John and Craig discuss open writing assignments, and how to best pitch to producers and studios looking to hire a writer for a specific property. Most of the work happens before you set foot in the room, so proper planning is essential.
Craig and John play “How Would This Be a Movie?” looking at three articles in the news.
Canadian screenwriter Ryan Knighton joins John and Craig to discuss how you sustain a career writing for Hollywood studios while living a flight away. Knighton’s first screenplay was the adaptation of his memoir about going blind. He’s since written for several studios, including a new project for Ridley Scott.
Craig and John discuss the 31 superhero movies slated for the next few years. Is it good business or a trainwreck in the making?
John and Craig discuss whether screenwriters are better off pursing writing assignments or working on their own material. They also look at the visual comedy of Edgar Wright, and The Shawshank Redemption’s 20th anniversary.
John and Craig discuss spec scripts, pitches and how it feels when your movie gets brutal reviews.
What’s the difference between a reader and a producer? Much more than one high-profile online reader seems to believe. John and Craig discuss what producers do, and how one plausibly gets started.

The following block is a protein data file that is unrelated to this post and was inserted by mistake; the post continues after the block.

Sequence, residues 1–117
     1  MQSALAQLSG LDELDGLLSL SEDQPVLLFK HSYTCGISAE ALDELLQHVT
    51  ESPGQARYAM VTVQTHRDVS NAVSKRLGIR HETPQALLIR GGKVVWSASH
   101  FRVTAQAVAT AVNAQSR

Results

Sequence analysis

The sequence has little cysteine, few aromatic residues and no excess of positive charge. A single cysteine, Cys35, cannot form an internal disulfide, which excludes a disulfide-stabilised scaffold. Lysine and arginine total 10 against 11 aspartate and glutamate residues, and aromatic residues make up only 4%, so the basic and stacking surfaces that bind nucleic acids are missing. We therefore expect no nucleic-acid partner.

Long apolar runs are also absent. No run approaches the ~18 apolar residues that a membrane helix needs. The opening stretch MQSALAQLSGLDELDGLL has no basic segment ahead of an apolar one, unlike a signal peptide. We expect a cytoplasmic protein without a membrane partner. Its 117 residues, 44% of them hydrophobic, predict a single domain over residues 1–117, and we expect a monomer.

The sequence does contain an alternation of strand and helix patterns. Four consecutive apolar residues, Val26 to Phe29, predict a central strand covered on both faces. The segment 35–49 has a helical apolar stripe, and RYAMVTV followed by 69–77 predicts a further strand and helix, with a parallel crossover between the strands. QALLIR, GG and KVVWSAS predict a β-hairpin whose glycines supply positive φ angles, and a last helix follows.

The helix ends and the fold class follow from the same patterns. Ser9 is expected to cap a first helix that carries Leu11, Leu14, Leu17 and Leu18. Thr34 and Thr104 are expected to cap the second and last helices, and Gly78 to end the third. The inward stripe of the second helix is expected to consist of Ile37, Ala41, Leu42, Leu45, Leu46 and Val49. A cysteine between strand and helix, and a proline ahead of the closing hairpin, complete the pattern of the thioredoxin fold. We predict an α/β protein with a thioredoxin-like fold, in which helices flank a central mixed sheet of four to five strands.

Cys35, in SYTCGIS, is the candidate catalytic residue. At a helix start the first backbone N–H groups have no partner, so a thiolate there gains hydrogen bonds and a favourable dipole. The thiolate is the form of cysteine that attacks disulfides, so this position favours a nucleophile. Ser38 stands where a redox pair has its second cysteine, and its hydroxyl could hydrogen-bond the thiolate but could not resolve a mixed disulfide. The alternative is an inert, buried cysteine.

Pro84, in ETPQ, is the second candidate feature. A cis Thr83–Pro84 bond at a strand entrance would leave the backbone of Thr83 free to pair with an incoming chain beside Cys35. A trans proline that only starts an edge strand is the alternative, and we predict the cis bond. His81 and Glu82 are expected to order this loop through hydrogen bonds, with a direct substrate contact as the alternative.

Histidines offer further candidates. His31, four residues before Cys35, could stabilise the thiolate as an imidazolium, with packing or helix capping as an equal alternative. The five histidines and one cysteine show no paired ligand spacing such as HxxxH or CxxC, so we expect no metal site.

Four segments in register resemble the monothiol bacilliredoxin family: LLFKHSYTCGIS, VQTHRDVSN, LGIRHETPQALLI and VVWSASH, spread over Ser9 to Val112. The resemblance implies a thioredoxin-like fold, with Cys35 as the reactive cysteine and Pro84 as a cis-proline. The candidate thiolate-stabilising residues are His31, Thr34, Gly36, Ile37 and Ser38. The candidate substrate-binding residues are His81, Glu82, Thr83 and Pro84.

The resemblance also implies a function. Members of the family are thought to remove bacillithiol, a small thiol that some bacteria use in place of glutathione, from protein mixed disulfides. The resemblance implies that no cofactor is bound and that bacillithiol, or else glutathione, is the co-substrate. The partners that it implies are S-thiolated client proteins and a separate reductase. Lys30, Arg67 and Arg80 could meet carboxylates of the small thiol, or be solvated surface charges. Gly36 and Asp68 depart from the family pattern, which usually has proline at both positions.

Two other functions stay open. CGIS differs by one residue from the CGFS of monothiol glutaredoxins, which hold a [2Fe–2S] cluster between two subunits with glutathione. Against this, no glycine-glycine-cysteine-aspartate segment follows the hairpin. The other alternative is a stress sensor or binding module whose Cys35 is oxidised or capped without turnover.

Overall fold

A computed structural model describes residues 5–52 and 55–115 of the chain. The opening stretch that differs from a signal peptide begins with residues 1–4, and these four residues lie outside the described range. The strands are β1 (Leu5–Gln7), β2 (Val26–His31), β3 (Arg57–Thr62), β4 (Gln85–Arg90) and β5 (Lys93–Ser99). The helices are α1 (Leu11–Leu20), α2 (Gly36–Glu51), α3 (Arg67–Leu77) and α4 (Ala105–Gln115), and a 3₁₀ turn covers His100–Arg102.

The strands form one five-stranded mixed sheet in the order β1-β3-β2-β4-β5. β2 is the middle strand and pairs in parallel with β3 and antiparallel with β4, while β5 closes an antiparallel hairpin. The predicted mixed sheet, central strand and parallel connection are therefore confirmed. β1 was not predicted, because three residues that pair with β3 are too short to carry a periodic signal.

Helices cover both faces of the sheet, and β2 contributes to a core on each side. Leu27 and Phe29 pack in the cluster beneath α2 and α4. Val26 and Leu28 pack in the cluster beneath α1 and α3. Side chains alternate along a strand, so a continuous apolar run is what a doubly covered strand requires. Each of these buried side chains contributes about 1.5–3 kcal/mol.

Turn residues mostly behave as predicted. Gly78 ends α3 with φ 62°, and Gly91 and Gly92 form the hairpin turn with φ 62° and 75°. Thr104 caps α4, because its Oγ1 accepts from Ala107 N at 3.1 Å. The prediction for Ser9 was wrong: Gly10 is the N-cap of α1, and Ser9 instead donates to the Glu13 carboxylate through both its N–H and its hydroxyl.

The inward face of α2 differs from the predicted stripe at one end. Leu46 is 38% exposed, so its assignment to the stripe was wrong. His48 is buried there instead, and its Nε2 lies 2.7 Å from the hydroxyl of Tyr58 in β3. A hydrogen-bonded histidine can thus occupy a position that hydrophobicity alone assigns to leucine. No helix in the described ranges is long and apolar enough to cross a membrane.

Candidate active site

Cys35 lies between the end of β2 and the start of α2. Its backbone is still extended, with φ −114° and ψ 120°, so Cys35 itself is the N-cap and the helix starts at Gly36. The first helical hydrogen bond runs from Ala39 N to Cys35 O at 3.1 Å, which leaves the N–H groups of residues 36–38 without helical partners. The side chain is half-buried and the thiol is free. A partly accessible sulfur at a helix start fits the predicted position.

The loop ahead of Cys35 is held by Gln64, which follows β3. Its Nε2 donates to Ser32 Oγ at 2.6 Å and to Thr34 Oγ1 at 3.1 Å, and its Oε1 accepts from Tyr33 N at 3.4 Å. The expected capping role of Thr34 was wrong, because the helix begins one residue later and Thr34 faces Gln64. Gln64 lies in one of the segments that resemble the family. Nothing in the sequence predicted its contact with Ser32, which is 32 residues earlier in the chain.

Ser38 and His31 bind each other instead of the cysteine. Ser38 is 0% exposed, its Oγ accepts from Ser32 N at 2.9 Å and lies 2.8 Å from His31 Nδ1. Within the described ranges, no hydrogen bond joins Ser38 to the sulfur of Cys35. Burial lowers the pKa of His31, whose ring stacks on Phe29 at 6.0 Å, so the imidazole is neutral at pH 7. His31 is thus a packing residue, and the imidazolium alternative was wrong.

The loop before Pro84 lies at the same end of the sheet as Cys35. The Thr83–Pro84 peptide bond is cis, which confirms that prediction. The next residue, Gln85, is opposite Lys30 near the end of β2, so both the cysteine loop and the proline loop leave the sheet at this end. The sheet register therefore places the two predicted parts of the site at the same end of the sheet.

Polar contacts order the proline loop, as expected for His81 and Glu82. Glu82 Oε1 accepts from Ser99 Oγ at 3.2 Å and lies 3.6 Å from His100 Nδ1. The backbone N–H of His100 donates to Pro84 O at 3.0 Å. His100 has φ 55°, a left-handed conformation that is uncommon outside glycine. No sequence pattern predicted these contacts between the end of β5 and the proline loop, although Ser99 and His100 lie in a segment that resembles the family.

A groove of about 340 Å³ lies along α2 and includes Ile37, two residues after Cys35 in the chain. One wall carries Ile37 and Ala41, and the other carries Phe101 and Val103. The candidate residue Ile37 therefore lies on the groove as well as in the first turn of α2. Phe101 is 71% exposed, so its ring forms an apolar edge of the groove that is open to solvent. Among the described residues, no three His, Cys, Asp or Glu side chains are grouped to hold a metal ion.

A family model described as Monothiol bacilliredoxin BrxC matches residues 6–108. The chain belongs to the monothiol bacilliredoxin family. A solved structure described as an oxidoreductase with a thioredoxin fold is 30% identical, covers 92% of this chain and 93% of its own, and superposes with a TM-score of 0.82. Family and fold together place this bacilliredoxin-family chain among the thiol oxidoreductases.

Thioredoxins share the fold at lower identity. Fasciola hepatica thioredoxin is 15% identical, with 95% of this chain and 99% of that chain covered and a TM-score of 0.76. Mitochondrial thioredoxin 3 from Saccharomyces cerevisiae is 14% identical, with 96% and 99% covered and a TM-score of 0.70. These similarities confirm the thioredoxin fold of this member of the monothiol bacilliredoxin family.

A writing team is getting good response to their first script — but it’s their only script.
Jordan Mechner has posted the game-footage trailer we used when we pitched Prince of Persia to the studios six years ago
An LA Times article about the island of Pagasa makes a great case study in the difference between an interesting setting and an actual movie idea.
Hollywood folk are savvy enough to realize that the guys who wrote Saw aren’t any sicker than most screenwriters.
Knowing when to cut and run.
A play by play of how it should go down.
Not if it will get you read and your expectations are adjusted.
Have it your way first, then compromise if need be.
Check out some great ones to get inspired.
For working writers, Craig Mazin says to pitch.
I’ve heard tales of studio executives buying ideas they heard during a pitch panel, but I don’t know of any verifiable success stories.
Follow up on a pitch I sold.
Don’t do it. Unless that person is writing it with you.
When it’s useful and how to distribute it to gain interest in your movie.
Getting the meeting, but also what to do in the room.
Do stunts work in pitching?